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BW Businessworld

Good Cop, Bad Cop

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Dealing with people and development is possibly one of the most challenging jobs for any organisation. Whether 50 people or 5,000, there is always a certain amount of unpredictability involved where people are concerned. And it couldn’t get more dramatic, than in this era of mushrooming start-ups.
Move over Gen-Y ! The young working professionals have lately earned the ‘Gen-Z’ tag. Today youngsters don’t wish to be bound by traditional rules and regulations at their workplace. Simply because, simple guidelines at work can give a lot more of flexibility in exhibiting their potential.
Defined or understood, there is always a culture, an almost palpable character to every organization. The tone of which is set by the founders from day one. HR heads are constantly looking for like-minded people, who fit in the ecosystem and blend with the ethos of the company. Increased weightage is given to personality and temperament than just skill set.
The conventional set up and traditionally synced systems in a corporate, do not augment well for new age companies. The rules of the game have changed and are altering every single day. The books written on the role of HR and rulebook of acceptable/unacceptable norms have gone out of the window. The start-up brigade has written a new culture. One, which is changing every single day.
It’s difficult to pinpoint where it exactly started, but corporates like Google, Netflix and Zappos, have proven it to be a tried, tested and trustable method. Expectedly, it’s catching the fancy of Indian companies too. 
Start-ups today are providing much beyond what is expected or even fathomed. Amazingly flexible walk in - walk out timings, widespread buffets, paid vacations, sponsored studies, game zone and recreational activities, unrestricted web browsing, work from home options and out-of-work sabbaticals are some of the common perquisites or privileges that many are offering.
For most people, working in a start-up can be like working on a big college project, sitting on bean bags with a bunch of cool friends, and munching on chips and corns. Employees have the liberty to work like entrepreneurs and workplace has become more ‘feel-at-home’.
The focus is to remove hierarchy formalities and encourage managers/bosses to be like compatriots. Managers don’t reprimand but rather reserve the room for mistakes. They are more approachable, open to ideas/views and willing to implement a team member’s suggestion.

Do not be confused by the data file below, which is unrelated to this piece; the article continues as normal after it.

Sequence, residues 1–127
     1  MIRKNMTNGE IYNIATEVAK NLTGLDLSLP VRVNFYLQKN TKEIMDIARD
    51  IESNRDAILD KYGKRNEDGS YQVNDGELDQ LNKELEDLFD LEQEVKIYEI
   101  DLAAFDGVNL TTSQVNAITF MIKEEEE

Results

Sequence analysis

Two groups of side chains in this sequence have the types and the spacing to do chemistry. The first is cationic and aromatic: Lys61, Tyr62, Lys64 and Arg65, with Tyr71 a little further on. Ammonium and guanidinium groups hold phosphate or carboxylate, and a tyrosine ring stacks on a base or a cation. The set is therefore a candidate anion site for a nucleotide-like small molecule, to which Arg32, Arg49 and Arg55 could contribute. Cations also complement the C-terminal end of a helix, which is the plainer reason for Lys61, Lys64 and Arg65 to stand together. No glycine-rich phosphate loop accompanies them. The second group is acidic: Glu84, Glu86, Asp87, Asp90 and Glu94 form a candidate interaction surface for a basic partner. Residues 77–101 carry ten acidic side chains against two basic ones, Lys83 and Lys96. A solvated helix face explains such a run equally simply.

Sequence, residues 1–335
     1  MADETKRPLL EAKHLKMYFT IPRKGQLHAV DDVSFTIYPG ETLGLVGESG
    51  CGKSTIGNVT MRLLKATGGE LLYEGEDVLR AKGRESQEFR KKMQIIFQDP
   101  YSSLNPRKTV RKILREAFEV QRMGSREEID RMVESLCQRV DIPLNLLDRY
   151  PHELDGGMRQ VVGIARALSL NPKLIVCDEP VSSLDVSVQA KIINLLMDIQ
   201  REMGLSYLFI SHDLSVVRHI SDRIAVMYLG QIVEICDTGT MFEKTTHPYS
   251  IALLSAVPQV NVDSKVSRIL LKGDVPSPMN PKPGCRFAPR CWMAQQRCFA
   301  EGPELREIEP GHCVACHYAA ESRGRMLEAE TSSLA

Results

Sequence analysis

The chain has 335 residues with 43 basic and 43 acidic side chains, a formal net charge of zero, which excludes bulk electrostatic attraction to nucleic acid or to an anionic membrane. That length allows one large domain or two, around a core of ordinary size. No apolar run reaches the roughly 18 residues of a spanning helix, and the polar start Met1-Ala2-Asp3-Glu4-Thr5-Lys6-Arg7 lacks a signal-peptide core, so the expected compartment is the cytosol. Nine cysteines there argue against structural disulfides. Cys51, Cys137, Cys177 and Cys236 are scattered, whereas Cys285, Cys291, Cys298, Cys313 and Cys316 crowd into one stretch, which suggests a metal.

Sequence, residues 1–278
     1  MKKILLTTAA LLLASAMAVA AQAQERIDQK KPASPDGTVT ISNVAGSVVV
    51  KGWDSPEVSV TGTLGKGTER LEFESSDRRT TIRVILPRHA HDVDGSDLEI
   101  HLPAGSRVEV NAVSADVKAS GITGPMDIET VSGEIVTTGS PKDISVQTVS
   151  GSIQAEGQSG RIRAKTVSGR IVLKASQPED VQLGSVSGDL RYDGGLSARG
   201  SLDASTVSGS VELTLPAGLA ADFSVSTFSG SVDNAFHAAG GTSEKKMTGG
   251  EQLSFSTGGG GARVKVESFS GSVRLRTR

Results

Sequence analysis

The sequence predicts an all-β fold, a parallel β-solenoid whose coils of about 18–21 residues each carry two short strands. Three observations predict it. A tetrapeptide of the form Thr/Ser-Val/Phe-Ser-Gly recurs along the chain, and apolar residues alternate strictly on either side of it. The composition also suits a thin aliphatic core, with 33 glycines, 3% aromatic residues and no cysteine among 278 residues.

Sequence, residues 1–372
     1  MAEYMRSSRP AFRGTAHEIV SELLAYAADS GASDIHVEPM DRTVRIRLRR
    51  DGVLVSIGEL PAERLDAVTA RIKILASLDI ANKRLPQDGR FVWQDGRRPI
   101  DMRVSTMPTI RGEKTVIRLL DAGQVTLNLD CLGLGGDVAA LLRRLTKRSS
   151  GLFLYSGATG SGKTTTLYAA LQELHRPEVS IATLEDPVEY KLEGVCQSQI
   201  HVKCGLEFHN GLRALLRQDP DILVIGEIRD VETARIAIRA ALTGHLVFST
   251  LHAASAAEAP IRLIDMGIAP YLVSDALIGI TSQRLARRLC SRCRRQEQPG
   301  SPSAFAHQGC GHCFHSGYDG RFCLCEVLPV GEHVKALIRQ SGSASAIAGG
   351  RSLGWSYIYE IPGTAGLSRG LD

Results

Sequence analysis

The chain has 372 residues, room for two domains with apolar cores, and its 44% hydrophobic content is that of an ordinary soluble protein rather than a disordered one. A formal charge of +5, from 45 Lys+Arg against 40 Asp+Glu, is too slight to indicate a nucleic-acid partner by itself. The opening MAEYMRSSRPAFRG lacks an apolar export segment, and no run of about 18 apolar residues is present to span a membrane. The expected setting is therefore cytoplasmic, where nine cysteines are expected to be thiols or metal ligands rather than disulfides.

Interestingly, people are given the opportunity to contribute cross-functionally too, which helps them realize true potential, core strengths and interest areas. In some cases, even switch departments. The intra job change flexibility is a win-win situation for both, the company, which gets a talent from within, and individuals who experience better job satisfaction levels.
While it’s a great working environment, certain risks can creep in, if not addressed in time. When start-ups are small and manageable, the ship tends to sail smooth. But as companies grow, people multiply and risks increase, the chances of choppy waters increase too.  
The debate has always been the same. How much freedom is passable? Should the company give more to expect more or is it the vice versa? How does one quantify intangible privileges? Where does one draw the line? These questions have hounded Founders and HR Managers for a long time.
In new age companies, traditional rules and regulations cannot be applied. Instead, guidelines prove to be more effective. Managers don’t interfere in the day-to-day workings of their team members. Rather aggregate output is measured and awarded. Only high-level performance and competitive spirit is expected in return.
Self-accountability and ownership of work is encouraged on an individual level. This further increases motivation and passion towards the job. When employees are sure their voices are not going to be rebuked, better generation of ideas, exchange of opinions and creative interactions prefaces. A not-so-rigid environment increases candour and mutual trust within the people. Teams tend to perform better together and healthy competition becomes the norm. There is a heightened standard of intrinsic value and personal evaluation too. 
However within the framework of liberty and freedom, a code of conduct has to be maintained. The core idea behind a casual, open atmosphere is that founders want their people to feel a sense of belongingness and believe they are a part of something bigger. Employees on the other hand want to see how individual contribution can affect the comprehensive growth of the company directly or indirectly. What’s truly remarkable with the start-up culture is the transition from, accountability to superiors to accountability to self.
In the end, when the human resources of a company are resourceful, one has truly created an army of responsible custodians!
The author, Ajay Nair, is CHRO, 

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